12 Wonderful Walks for Sheffield Families
Fancy getting some fresh air? Nothing beats a good family walk. Luckily, here in Sheffield we’re spoilt for choice for outdoor spaces. From fun parks, reservoir wonders to countryside scrambles; we have it all.
Even better that these Wonderful Walks for Sheffield Families are all free.
In this list there’s something for everyone! I’ve tried to think of walks which will suit all ages, terrains and difficulties. You’ll find pram friendly walks, short strolls, rocky scrambles and fun parks with a walk around the water. However if you’re looking for something specific I recommend: Peak District countryside family walks, fun family trails, family walks with playgrounds and magical outdoor spaces in Sheffield.
Walk around Damflask Reservoir
This circular walk is buggy friendly, on a flat path around Damflask Reservoir. It’s approximately 3.8 miles long. It’s an easy walk with facilities in the local village of Low Bradfield where you can park, eat and use the playground.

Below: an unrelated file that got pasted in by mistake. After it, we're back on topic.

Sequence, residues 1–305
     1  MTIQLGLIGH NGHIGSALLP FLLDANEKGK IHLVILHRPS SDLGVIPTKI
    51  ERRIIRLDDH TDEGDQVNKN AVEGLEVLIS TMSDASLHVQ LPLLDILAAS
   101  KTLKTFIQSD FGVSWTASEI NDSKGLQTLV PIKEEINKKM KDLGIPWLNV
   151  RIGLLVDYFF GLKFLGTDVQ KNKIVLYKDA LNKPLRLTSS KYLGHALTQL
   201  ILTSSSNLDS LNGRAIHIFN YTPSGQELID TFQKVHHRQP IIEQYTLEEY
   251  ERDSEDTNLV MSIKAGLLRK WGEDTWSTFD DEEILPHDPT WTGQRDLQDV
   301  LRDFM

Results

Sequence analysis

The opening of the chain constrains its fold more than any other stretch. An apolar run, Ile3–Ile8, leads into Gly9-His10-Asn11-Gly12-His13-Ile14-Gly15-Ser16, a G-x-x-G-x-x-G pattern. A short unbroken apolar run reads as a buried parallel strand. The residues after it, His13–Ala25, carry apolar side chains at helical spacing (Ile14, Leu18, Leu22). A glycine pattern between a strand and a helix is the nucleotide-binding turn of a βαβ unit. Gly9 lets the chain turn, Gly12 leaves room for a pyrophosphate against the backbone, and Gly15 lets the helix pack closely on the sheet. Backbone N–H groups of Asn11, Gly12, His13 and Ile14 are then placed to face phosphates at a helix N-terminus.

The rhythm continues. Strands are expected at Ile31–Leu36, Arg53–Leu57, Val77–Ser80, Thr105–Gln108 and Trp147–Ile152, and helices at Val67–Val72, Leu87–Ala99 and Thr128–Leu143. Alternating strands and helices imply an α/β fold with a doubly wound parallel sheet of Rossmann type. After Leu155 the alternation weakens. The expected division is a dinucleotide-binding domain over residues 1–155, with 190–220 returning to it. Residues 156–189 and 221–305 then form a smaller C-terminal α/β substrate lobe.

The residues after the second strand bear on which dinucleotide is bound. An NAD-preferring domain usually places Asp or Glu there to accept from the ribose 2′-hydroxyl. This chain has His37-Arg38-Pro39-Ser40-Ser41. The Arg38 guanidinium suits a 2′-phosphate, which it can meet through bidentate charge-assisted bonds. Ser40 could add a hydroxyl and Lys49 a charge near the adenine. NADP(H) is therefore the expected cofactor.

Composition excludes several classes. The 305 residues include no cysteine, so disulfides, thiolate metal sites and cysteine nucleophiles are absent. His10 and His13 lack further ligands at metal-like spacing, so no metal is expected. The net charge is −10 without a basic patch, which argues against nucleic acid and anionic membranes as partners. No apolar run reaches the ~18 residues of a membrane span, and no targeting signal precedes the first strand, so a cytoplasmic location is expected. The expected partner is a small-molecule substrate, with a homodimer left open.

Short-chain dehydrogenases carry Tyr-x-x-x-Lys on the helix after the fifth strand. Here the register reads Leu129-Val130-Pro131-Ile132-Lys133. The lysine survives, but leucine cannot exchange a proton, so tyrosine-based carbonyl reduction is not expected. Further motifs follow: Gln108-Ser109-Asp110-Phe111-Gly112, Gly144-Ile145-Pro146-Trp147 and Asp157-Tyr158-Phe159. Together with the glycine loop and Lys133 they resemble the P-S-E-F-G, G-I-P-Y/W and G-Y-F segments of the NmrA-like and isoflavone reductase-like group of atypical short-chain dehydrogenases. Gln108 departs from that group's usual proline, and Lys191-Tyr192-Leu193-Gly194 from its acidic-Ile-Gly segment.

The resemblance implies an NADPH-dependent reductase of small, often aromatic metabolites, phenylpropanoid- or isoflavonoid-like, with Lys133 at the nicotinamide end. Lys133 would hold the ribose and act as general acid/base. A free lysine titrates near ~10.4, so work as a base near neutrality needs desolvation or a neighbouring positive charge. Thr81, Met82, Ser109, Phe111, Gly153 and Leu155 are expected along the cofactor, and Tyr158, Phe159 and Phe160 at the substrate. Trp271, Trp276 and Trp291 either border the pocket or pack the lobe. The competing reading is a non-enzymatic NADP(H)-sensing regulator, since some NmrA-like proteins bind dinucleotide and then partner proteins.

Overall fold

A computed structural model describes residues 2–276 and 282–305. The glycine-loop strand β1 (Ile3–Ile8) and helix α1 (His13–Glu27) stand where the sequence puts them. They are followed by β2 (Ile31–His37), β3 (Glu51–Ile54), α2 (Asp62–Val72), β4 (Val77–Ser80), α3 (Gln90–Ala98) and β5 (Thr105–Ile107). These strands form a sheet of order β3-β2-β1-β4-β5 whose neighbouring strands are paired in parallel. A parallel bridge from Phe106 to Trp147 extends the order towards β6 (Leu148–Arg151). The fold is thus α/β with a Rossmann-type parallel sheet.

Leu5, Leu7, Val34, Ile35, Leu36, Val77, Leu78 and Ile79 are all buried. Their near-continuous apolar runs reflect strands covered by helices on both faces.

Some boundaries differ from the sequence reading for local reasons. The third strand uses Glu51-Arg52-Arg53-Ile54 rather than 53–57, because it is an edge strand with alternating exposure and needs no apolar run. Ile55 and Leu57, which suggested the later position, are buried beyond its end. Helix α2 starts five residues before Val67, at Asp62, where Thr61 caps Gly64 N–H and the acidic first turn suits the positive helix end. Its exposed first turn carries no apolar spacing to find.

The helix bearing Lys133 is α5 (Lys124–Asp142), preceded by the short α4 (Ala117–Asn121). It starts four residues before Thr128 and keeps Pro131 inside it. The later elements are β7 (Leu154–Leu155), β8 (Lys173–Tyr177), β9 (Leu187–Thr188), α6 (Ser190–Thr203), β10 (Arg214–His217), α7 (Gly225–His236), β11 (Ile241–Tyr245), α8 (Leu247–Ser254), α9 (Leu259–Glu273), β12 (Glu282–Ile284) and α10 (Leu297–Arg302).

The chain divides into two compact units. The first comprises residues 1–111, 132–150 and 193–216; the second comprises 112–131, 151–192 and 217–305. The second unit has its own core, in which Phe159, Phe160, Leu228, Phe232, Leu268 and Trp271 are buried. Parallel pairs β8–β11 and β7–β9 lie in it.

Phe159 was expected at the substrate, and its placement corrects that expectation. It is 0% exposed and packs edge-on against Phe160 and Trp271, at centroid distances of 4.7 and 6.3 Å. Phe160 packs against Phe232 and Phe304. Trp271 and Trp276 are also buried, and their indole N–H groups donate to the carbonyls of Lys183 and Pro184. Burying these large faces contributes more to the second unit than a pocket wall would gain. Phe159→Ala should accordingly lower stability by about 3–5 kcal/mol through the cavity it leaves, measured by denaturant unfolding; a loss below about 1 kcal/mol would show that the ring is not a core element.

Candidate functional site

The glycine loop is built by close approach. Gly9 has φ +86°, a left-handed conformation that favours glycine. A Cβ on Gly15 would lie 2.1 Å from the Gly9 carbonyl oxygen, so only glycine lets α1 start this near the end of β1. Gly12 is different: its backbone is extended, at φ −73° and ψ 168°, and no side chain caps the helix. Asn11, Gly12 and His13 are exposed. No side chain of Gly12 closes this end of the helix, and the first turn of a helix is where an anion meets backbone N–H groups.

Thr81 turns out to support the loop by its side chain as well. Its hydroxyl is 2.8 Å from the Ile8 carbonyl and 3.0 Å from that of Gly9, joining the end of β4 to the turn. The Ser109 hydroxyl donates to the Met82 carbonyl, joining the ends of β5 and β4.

Start the walk at Smithy Bridge Rd, go over the bridge and stay to the right hand side. There’s a small path leading down next to Smithy Garage Motor Services, after a minute or so they’ll be a path leading to your right hand side with an entrance to Damflask Reservoir on the left (by the Yorkshire Water sign).
Car Park at “The Sands” S6 6LA or bus 61/62 (TM Travel). Make sure you explore the lovely picturesque village of Low Bradfield.
Hunt for boggarts at Longshaw Estate
This is a real family favourite and a wonderful free day out. Walking at Longshaw Estate is really flexible… you can go far or stay near to the cafe; whatever takes your fancy. Longshaw is a fantastic gateway into the countryside and great for beginners to the Peak District.
Longshaw Estate is on the edge of Sheffield bordering into the Peak District. There are fantastic views. A cafe, a National Trust car park and flat path walks plus a fun and free Boggart trail around the estate. There are many way-marked easy trails to choose from, all colour coded and arrows.